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|Index||308 reviews in total|
*** This review may contain spoilers ***
Victoria and Lilly are abandoned in the woods for 5 years. Someone took
care of them. Lucas never gave up on finding his nieces while almost
going broke in the process. When they're finally found, he and Annabel
give up their child free lives to take in the girls. All is not well.
Lucas worries about how they will support two children without steady
incomes, but he's determined to make it work for the girl's sake.
Annabel resents that she has been thrust into the mommy role, caring
for children that aren't hers and have a boatload of issues. But
there's an even bigger problem. Something has come back with them. Who
I won tickets to see an advanced screening of the movie and I went in not knowing what to expect. I saw the original 3 minute film and was amazed. I've been disappointed by the current US made horror films constantly rehashing the same plot. With that in mind, I wasn't too sure I'd enjoy this one.
I loved this movie! Not only was it scary, the story left a lasting effect on me. It didn't rely on cheap scares, although there are some jump scares in the movie. It was haunting and beautiful. I cared about the characters. Mama's story is so sad and tragic. The special effects were great and didn't need the CGI to carry the story. The young actresses that played Victoria and Lily give an excellent performance. I'm not giving away the ending but I will say we talked about the significance of it long after we left the theater. Some folks on here were worried that the PG-13 rating would weaken the movie. It didn't. This film was scary without the blood or gore.
This was a great movie for anyone over 13. Please leave the kids at home. Some idiot brought two kids under 10 to the screening. I'm sure those kids will have nightmares for weeks.
I give Mama a 7 out of 10
I didn't really care for this movie too much overall. It drew me in
right from the beginning and it stays entertaining enough, but the CGI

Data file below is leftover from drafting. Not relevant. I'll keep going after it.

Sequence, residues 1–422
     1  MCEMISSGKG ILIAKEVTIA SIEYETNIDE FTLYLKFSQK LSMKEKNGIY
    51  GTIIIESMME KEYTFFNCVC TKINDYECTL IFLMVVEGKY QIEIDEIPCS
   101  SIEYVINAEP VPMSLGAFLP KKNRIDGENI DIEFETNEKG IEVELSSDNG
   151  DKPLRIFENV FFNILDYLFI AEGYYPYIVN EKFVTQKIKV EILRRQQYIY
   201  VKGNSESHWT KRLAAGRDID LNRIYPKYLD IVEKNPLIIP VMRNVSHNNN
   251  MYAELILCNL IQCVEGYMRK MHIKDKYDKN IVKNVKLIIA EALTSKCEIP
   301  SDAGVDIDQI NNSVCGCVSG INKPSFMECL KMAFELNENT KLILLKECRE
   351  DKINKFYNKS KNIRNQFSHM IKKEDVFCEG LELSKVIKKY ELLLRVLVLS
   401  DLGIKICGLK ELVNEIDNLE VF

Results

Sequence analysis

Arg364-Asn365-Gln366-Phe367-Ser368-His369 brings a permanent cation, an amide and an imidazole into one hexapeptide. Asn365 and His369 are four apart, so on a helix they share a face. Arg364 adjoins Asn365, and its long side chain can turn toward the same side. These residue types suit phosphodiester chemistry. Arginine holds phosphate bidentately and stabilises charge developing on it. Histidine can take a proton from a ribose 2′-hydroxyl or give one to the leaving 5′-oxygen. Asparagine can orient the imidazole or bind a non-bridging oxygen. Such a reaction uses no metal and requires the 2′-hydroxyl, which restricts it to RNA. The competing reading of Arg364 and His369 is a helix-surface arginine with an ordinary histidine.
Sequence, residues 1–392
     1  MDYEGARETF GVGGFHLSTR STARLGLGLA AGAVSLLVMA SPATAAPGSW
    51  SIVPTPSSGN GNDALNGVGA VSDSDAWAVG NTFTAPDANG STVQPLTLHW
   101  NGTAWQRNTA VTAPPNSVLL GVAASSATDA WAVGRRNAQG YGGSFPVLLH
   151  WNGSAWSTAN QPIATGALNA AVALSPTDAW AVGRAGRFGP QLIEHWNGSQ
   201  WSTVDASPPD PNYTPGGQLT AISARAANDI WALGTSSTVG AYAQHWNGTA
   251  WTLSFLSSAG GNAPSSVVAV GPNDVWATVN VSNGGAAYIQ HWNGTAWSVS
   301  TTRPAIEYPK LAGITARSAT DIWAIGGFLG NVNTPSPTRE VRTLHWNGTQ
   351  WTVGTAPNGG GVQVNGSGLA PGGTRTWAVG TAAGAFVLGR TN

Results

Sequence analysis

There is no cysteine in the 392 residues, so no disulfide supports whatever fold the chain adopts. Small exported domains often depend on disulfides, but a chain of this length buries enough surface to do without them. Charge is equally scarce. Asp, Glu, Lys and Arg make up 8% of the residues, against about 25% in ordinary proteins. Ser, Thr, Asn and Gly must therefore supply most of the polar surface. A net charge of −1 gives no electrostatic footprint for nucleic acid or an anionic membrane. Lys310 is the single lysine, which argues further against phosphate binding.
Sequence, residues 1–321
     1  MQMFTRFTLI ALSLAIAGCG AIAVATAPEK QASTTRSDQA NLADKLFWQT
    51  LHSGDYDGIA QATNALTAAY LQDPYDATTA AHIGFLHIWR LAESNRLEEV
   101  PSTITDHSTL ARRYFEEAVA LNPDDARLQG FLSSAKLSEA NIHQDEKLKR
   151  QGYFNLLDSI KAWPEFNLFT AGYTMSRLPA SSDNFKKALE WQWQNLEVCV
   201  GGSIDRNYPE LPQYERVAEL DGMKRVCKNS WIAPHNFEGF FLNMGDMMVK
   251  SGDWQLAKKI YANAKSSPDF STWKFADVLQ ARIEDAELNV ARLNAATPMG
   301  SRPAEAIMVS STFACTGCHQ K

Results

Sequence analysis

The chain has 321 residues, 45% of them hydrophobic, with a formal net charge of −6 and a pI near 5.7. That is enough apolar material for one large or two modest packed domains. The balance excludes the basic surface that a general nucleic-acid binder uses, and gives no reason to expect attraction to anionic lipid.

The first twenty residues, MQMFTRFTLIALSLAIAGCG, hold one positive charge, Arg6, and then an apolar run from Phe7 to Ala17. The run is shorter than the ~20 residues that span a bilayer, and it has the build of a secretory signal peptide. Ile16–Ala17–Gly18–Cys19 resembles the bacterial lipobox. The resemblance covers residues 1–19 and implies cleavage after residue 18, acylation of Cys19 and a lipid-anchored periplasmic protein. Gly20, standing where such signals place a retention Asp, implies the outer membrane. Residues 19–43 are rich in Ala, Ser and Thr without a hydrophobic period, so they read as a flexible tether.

is not great and it quickly turned into a cheesy ghost story without
anything original to offer.
It reminds me a lot of other ghost story movies. It has a similar plot to "The Ring" in a way, but is less suspenseful and doesn't work as well. It shows the "ghost" a lot, probably too much, instead of leaving more for the imagination, which left me pretty bored in the second half. After it is shown that the ghost can appear whenever and do actual physical harm, it becomes kind of silly to keep dragging the movie on with close calls.
The ending was terrible in my opinion, and I couldn't even finish the last few minutes of the film. I don't want to spoil it, but I will say that its overly dramatic and emotional.
The sound design is great and the film has nice production value other than the CGI. I think this director shows a lot of promise and would do better with a better script.
*** This review may contain spoilers ***
Okay, so some guy goes nuts and shoots his wife. He takes his two
daughters out to an abandoned cabin and is about to kill them, too, but
is then stopped by a ghost who happens to be at the cabin. Great...
Okay, so it was a ghost who was maybe unjustly murdered in a similar
way. I can buy that.
But then, even after paying some guys to look all over the place for his body, the guy's brother only finds this cabin (and the girls, who are still there) -- five years later. Really? It took you all that time? Okay, fine, whatever. So the girls are feral and apparently have been helped along by this mysterious, vengeful spirit which they call "Mama."
The guy's brother, and his weird over-the-hill Goth girlfriend, agree to look after the children as they are rehabilitated with the help of a psychologist. Unfortunately, this spirit follows them.
Cue faux-creepy dream sequences, jump scares, and the psychologist slowly uncovering the truth that The Supernatural Is Real.
Turns out "Mama" is the ghost of some violently crazy lady in the nineteenth century who died while drowning a baby she stole from a local church. There is a dream sequence showing this which is genuinely disturbing, although in a disgusting snuff-film kind of way.
"Mama," predictably, wreaks havoc on everyone involved, including killing several people with more ease than a trained assassin. Call me a parapsychology nerd, but human ghosts generally do not have this kind of power. "Mama" slinks around and offs victims like a multi-dimensional Green Beret. This just makes it silly to me.
The ending was just confusing. It's funny, everything about this movie was perfect except for the story. The acting, the photography, the music, and the editing was all incredibly seamless. But the story was bland and cookie-cutter, just another forgettable horror flick.
As other reviewers have mentioned, this starts with so much promise,
but then nothing happens,
it's as if someone had a really good idea, and they decided to make a movie on that basis, but there was nothing else other that that idea so they drafted someone else in to end the movie as painlessly as possible..
which failed, as it's very painful,
no substance in this and even if your a horror movie fan I'd stay away from this. first hour or so isn't bad, but it really goes down hill from there